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5 thoughts on “Reflections on a Race Riot

  1. I don’t know how to say this without sounding racist, but here goes. For many in the African American culture, corporal punishment is viewed much differently than in “white” culture. And, really, if white kids are capable of the same types of violence, whether it’s called revelry or not, then how mothers reprimand their children has little to do with the level of violence in the sensational protests.

    I would argue that it is precisely because we have an African American president that police brutality toward and bias against blacks has become so much more evident. I know whites who are mad as hell about having a black president. I have heard, on my upper middle clas suburban block, neighbors (white) saying of Obama’s first campaign, “If that guy gets elected, there’ll be riots in the streets.” At the same time, Wanda Sykes was joking that if Oama was elected, she would go to the market and buy as much watermelon as she wanted.

    Perhaps this is a little too reductionist, but if we are in a culture where blacks are seen as criminals and, let’s be honest, they are, then why wouldn’t those charged with protecting society against criminals lash out with force against them? After all, one stole the highest office in the land on their watch.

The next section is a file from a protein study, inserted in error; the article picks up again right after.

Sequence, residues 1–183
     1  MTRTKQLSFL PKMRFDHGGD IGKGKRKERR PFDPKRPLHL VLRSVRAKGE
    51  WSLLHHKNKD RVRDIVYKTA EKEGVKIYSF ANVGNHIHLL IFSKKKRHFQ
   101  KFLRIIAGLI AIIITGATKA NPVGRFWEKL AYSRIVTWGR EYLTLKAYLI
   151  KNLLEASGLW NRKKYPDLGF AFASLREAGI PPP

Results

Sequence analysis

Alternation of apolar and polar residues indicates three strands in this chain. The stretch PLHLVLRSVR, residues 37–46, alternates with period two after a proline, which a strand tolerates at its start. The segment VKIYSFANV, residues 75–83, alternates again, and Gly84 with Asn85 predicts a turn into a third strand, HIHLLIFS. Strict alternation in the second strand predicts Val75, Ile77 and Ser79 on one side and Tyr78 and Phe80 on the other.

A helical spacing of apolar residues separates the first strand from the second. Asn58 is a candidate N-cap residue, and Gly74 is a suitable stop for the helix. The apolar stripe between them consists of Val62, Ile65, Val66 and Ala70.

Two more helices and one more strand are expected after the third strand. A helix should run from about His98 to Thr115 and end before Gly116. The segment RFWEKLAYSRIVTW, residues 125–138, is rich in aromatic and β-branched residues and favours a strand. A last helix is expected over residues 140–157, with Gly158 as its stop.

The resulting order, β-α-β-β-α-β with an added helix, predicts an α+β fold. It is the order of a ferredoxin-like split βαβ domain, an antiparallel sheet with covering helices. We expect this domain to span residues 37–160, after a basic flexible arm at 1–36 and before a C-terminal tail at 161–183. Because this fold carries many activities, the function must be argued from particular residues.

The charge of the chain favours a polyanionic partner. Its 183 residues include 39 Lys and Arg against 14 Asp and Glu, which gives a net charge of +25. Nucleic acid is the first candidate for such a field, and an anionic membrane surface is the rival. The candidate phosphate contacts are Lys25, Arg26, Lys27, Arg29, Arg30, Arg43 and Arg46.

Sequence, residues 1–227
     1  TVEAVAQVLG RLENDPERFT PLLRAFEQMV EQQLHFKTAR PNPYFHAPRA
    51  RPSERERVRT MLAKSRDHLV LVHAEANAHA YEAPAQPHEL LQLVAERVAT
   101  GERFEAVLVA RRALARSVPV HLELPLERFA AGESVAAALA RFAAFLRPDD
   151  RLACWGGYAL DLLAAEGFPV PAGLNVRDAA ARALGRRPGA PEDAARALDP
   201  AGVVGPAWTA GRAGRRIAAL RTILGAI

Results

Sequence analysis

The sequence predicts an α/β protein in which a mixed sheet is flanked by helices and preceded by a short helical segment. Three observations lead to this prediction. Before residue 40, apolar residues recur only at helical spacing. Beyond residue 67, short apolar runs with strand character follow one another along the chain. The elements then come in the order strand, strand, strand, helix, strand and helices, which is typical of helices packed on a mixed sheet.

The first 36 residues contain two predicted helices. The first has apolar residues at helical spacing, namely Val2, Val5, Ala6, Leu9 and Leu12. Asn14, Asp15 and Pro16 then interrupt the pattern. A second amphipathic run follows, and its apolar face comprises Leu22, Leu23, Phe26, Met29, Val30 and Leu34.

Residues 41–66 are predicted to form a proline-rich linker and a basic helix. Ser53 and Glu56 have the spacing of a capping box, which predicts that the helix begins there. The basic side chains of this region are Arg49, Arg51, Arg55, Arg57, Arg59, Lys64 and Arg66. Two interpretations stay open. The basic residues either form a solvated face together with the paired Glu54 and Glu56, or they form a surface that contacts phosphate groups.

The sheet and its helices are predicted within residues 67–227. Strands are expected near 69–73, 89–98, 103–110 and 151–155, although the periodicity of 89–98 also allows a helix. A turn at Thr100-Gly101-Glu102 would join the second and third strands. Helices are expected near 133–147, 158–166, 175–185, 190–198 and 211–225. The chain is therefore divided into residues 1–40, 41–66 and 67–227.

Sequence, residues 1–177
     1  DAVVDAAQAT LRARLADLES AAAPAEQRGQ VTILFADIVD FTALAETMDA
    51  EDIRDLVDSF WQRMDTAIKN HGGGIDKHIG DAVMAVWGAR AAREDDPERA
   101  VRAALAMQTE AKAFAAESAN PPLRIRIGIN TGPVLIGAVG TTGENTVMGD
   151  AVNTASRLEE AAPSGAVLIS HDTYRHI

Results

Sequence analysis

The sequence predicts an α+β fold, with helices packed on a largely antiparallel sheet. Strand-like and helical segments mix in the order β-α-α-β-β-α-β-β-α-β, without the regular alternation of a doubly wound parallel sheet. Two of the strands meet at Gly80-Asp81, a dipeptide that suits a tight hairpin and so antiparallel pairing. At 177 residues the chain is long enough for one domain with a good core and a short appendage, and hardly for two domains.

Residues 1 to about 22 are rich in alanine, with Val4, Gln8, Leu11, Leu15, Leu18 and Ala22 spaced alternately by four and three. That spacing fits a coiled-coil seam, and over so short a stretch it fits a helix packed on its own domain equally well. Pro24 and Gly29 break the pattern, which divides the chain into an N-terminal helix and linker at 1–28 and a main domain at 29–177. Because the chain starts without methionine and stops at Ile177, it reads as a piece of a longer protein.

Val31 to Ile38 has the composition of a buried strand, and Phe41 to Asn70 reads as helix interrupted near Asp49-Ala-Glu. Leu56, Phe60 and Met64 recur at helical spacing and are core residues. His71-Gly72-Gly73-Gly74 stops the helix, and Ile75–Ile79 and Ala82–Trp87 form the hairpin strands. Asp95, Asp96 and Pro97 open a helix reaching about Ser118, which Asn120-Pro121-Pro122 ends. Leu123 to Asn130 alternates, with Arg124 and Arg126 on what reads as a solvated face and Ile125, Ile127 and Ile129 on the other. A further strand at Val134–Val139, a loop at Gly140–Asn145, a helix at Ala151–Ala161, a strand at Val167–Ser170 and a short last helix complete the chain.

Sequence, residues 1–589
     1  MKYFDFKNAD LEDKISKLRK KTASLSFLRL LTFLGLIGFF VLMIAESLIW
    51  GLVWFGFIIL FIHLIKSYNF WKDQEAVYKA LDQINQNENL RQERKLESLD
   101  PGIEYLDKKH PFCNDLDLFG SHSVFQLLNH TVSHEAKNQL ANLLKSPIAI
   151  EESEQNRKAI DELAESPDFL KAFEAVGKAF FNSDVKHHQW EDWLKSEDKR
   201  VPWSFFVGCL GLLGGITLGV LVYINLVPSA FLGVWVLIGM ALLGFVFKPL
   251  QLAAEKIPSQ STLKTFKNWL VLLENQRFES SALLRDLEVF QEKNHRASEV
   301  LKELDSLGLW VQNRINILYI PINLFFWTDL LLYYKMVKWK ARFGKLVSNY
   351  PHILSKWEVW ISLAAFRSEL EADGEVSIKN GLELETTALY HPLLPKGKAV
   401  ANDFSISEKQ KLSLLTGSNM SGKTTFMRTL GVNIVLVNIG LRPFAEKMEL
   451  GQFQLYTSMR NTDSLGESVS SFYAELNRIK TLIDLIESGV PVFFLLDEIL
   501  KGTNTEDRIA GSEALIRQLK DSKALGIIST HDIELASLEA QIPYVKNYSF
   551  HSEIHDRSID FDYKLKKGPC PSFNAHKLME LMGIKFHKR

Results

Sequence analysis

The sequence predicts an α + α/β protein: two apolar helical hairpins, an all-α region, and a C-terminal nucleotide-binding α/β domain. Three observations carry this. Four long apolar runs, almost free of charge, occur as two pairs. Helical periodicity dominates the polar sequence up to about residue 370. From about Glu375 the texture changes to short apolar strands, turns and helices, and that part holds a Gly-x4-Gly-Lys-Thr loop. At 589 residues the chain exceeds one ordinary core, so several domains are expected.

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    • I never thought about it that way, Janice. Is this a reaction to our country – not once, but twice! – electing a black president? A backlash of sorts?

      As to the issue of corporal punishment, I don’t care what your race or culture is or how you view it. The effect of beating one’s children is often (not always) to make angry and violent adults. I am not implying that parents beating their kids led to the unrest in Baltimore, but I do question why so many public comments towards this mother’s behavior were positive.

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      • I don’t applaud the mother, either. I thought the sight of her whacking away at him was revolting. I wrote a column for the Patch about findings that corporal punishment can actually cause mental illness. I got so many comments defending corporal punishment that I was shocked. So, obviously, it isn’t just African Americans who are more accepting of it than you and I. My son and I were talking about parents’ violent reactions, verbal or physical, to children’s transgressions. I’ve always maintained that I can’t punish them more than they are likely to punish themselves. He agreed that he always felt terrible when he knew he’d disappointed us. He also agreed when I said that yelling at him would make him angry with with us and, therefore, make the issue our fault. I don’t know how you get people to stop thinking hitting someone as punishment is a bad idea.